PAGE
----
Serena Williams Advances at French Open
Friday, May 30th 2003, 12:00 am
News On 6
PARIS (AP) _ For the past year, Serena Williams has been winning every Grand Slam match. Now she's winning every game.
The defending champion routed Barbara Schett 6-0, 6-0 Friday, needing just 40 minutes to finish her third-round match at the French Open.
The victory was the 31st in a row at Grand Slam events for Williams, who is seeking her fifth consecutive major title.
``Today was just my day,'' Williams said. ``Hopefully I can keep it up.''
The top-seeded Williams lost only 14 points in the first set and six in the second. She won 12 points in a row at one stretch and hit 23 winners to two for Schett.
Given the way Williams played, maybe fellow American Meghann Shaughnessy caught a break by losing to No. 16-seeded Ai Sugiyama, 6-1, 6-4. Sugiyama faces Williams next.
On the men's side, Andre Agassi improved to 10-0 in major events this year by beating No. 26 Xavier Malisse 6-4, 7-5, 7-5. The stylish Malisse lost despite hitting 13 aces and 55 winners.
``He's a great player to watch,'' Agassi said. ``Sometimes the problem is you watch him while you're playing him and you're not watching the ball. ... Three sets is a lot better than five, and it could have gone five pretty easily today.''
No. 29 Vince Spadea lost to Martin Verkerk 5-7, 6-4, 6-2, 7-5. That left Agassi as the only American remaining among 13 who entered the men's draw.
``It doesn't say great things for American clay-court tennis if I'm one of the leading players in the clay-court events and my results show up like they do,'' Spadea said.
Wayne Ferreira, playing in his 50th consecutive Grand Slam tournament, left on a stretcher. Trailing Rainer Schuettler in the fourth set, Ferreira hurt his groin chasing a forehand and was forced to quit.
Ferreira slipped, did the splits and fell on his back in pain. Schuettler grabbed ice from a container behind the changeover chairs and rushed it to Ferreira.
After being treated by a trainer, the South African was carried off the court, waving to applauding fans. Schuettler, runner-up at the Australian Open in January, led 6-3, 1-6, 7-6 (3), 2-3 when the injury occurred.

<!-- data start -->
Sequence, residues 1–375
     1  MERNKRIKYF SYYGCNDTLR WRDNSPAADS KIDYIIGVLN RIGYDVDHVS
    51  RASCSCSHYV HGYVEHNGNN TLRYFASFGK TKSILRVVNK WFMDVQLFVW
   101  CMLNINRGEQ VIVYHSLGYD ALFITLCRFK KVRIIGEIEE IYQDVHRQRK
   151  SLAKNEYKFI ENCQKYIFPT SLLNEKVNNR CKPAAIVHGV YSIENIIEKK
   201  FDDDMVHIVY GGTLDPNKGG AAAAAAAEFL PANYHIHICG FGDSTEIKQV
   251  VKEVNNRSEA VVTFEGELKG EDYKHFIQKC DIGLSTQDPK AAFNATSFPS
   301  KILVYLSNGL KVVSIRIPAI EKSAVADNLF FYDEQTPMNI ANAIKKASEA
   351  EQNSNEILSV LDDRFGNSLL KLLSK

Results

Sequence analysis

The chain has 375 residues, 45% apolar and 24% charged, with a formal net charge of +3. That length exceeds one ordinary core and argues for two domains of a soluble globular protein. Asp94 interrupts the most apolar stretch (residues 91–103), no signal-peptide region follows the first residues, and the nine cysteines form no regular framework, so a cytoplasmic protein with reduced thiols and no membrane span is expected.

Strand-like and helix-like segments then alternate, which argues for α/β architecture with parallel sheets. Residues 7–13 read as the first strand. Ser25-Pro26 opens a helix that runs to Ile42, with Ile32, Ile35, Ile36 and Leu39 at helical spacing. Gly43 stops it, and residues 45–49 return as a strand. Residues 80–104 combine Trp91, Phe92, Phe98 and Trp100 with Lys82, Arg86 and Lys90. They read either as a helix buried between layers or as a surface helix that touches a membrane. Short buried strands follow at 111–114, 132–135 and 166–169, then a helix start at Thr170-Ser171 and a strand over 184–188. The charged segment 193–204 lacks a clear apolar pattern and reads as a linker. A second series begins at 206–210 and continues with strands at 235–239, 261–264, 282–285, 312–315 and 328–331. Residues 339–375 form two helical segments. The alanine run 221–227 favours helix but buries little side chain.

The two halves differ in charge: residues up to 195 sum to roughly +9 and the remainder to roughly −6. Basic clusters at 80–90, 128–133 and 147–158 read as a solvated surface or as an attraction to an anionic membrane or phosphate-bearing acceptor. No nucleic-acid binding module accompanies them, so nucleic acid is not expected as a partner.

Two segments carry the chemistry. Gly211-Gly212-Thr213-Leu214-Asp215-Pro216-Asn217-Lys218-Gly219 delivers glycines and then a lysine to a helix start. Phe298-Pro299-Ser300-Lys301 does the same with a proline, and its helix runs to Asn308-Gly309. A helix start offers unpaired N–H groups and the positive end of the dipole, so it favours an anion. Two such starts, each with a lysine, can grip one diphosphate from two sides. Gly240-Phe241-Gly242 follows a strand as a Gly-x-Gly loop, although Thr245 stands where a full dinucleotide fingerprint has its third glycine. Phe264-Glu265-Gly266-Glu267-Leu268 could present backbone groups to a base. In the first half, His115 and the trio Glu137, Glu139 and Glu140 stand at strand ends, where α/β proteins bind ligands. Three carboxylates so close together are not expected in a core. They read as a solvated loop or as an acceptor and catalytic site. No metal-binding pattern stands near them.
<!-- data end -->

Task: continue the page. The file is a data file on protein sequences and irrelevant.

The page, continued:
No. 23-seeded Younes El Aynaoui lost to Mariano Zabaleta 6-2, 6-4, 3-6, 7-6 (2). Seventh-seeded Guillermo Coria, at 21 the youngest player remaining in the men's draw, beat qualifier Attila Savolt 6-4, 6-1, 6-1.
The warmest day yet at Roland Garros _ muggy and in the mid-80s _ provided motivation to work quickly, and No. 4 Justine Henin-Hardenne and No. 5 Amelie Mauresmo won in straight sets. Henin-Hardenne beat Dally Randriantefy 6-1, 6-1, and Mauresmo eliminated Fabiola Zuluaga 6-3, 6-4.
No. 8 Chanda Rubin rallied to beat fellow American Laura Granville 2-6, 6-1, 6-3.
Schett upset Venus Williams in the first round two years ago, but she was no match for the younger Williams. The Austrian had four break points early but soon found herself overwhelmed.
``When I stepped out there and I lost the first couple of games, I thought, `This is a difficult day,''' Schett said.
Williams closed the first set with a remarkable exchange that left multiple track marks on her side of the clay.
She raced toward a drop shot and scooped it back as she went sliding off the court. Then she reversed direction to hit a running, lunging backhand for a winner as she skidded across the other sideline.
``I'm running really fast here, and that's great,'' Williams said. ``I guess it's the fittest I've been all year.''
Schett managed to hit her only backhand winner in the final game, then raised both arms in mock jubilation as the center-court crowd cheered. But she dumped another backhand into the net on match point, then walked off the court shaking her head and smiling in chagrin.
Williams also smiled. But with four rounds to go for another title, she claimed there's room for improvement.